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Originally published May 7, 2013 at 6:06 AM | Page modified May 7, 2013 at 6:57 AM

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Blue North to build innovative, low-impact fishing vessel

A Seattle-based fishing company has contracted for construction of a new, low-emission vessel for hook-and-line fishing that it says could reduce fish discards to zero.

Seattle Times business reporter

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Blue North, a Seattle-based fisheries company operating in the Bering Sea and Gulf of Alaska, is announcing plans Tuesday for what it calls “one of the world’s most environmentally friendly” fishing vessels.

The company said it has signed a contract with Dakota Creek Industries in Anacortes to build the boat.

Designed by Norwegian ship-design firm Skipsteknisk AS, the 191-foot longliner, model ST-155L, is expected to be completed in the fourth quarter of 2014.

The hook-and-line freezer fleet will produce both the lowest-impact and highest-quality Alaskan codfish available, Blue North President and CEO Kenny Down predicted.

“Every year, people care a little bit more about sustainability,” Down said.

While the company is typically focused on an international market where consumers in countries like Japan are more willing to pay a premium for the highest-quality fish, he said, “the timing is really perfect for the U.S. consumer to recognize this (better-quality) fish.”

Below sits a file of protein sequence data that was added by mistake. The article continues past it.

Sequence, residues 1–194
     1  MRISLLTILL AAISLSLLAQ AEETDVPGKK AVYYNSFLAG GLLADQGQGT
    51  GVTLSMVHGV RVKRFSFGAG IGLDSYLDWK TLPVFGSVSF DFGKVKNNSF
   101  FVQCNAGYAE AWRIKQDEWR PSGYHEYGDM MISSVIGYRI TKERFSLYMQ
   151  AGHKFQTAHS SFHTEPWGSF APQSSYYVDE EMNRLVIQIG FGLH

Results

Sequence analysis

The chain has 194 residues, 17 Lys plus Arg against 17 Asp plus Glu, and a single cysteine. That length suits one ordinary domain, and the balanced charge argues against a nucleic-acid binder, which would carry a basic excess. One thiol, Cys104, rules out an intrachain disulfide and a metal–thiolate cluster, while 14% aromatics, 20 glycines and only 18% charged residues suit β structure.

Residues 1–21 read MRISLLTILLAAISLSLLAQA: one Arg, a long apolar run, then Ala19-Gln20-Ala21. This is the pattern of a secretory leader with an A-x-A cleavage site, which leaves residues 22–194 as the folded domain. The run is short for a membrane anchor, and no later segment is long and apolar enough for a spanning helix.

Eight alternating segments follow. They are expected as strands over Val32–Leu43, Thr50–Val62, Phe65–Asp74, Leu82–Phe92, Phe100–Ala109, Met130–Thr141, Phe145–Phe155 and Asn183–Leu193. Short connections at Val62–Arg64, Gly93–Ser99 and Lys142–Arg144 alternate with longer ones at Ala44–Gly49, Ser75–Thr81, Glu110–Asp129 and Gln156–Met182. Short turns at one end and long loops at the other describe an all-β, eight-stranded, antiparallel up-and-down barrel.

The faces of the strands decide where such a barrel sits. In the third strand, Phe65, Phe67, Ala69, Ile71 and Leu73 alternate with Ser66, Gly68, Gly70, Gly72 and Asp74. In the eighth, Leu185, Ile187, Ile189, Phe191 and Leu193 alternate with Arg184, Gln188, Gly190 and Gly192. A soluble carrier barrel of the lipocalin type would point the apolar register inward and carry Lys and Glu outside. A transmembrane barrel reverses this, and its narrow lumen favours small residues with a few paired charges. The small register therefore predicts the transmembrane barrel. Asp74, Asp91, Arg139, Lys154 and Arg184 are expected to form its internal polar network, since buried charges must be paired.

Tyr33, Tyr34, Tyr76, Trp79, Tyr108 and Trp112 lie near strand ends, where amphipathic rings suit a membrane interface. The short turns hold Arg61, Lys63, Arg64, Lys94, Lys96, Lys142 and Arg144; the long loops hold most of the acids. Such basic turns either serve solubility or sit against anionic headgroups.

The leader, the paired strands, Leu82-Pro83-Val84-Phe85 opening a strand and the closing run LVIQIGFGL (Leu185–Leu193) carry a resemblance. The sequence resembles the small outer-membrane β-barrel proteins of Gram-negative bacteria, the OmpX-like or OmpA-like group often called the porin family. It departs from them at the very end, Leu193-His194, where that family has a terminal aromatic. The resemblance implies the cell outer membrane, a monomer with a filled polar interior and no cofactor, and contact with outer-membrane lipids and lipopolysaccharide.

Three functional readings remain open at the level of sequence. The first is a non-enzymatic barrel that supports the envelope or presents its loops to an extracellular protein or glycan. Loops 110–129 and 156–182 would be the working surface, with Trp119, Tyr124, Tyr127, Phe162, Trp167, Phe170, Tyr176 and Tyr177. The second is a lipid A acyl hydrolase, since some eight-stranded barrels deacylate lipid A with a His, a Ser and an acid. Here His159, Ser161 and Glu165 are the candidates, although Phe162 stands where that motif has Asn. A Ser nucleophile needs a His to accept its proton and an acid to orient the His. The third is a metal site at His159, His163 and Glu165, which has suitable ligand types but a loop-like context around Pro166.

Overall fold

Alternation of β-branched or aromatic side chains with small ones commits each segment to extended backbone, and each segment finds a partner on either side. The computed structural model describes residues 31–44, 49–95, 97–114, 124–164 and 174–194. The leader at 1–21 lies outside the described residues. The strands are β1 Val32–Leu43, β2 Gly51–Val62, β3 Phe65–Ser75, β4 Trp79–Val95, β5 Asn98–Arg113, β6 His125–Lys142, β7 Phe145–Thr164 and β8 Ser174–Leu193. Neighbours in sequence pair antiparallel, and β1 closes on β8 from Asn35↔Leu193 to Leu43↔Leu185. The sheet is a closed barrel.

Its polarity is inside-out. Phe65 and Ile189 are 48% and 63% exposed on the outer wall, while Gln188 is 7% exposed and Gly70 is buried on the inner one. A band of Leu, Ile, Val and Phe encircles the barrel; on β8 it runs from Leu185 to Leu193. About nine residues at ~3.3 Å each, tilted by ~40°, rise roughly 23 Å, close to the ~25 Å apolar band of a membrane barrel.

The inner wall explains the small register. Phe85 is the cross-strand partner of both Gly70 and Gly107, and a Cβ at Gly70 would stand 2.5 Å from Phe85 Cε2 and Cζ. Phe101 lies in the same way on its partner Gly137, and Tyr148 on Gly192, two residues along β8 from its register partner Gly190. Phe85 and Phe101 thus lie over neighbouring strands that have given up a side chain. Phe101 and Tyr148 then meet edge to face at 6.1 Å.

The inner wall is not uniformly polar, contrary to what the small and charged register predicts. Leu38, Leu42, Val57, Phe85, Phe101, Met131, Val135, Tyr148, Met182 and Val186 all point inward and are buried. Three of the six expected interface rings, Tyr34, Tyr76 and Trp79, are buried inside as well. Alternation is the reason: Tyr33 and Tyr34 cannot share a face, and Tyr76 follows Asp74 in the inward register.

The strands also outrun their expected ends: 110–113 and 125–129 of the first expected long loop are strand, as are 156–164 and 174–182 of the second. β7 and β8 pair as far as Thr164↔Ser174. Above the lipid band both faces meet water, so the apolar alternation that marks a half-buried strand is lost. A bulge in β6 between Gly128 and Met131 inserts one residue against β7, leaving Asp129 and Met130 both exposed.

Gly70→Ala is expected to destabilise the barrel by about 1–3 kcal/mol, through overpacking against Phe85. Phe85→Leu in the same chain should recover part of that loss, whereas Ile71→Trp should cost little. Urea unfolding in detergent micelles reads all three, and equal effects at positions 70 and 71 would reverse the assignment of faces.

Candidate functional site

Blue North said the boat will be the first in the U.S. constructed with an internal haul station, which enables the release of nontarget species and allows workers to remain inside of the boat as they work. Unlike boats using fishing nets that drag on the sea floor, the vessel’s hook-and-line system is designed to reduce detriment to the ocean and fish quality.

As opposed to the 50 percent fish discard rate of many current onboard processing hook-and-line vessels, the company aims for 100 percent use, Blue North said in a news release.

In 2010, Washington state lawmakers passed the Longline Catcher Processor Subsector Single Fishery Cooperative Act, a bipartisan bill designed to motivate commercial fishermen to take their time and reduce fish waste. The bill aimed to shift the industry from a race for catches to an allocated system where companies are guaranteed a certain amount of fish.

Blue North’s boat will be the first to abide by this year’s federal Tier III emission standards, Vice Chairman Patrick Burns said. It offers reduced emissions and a 30 percent savings in fuel consumption, compared with conventional designs, and about 20 percent less than Blue North’s own most recent model.

“This signals a major shift in the technology being used,” Burns said. “I really believe there’s going to be more vessels like this in the future.”

Alysa Hullett: 206-464-2718 or ahullett@seattletimes.com

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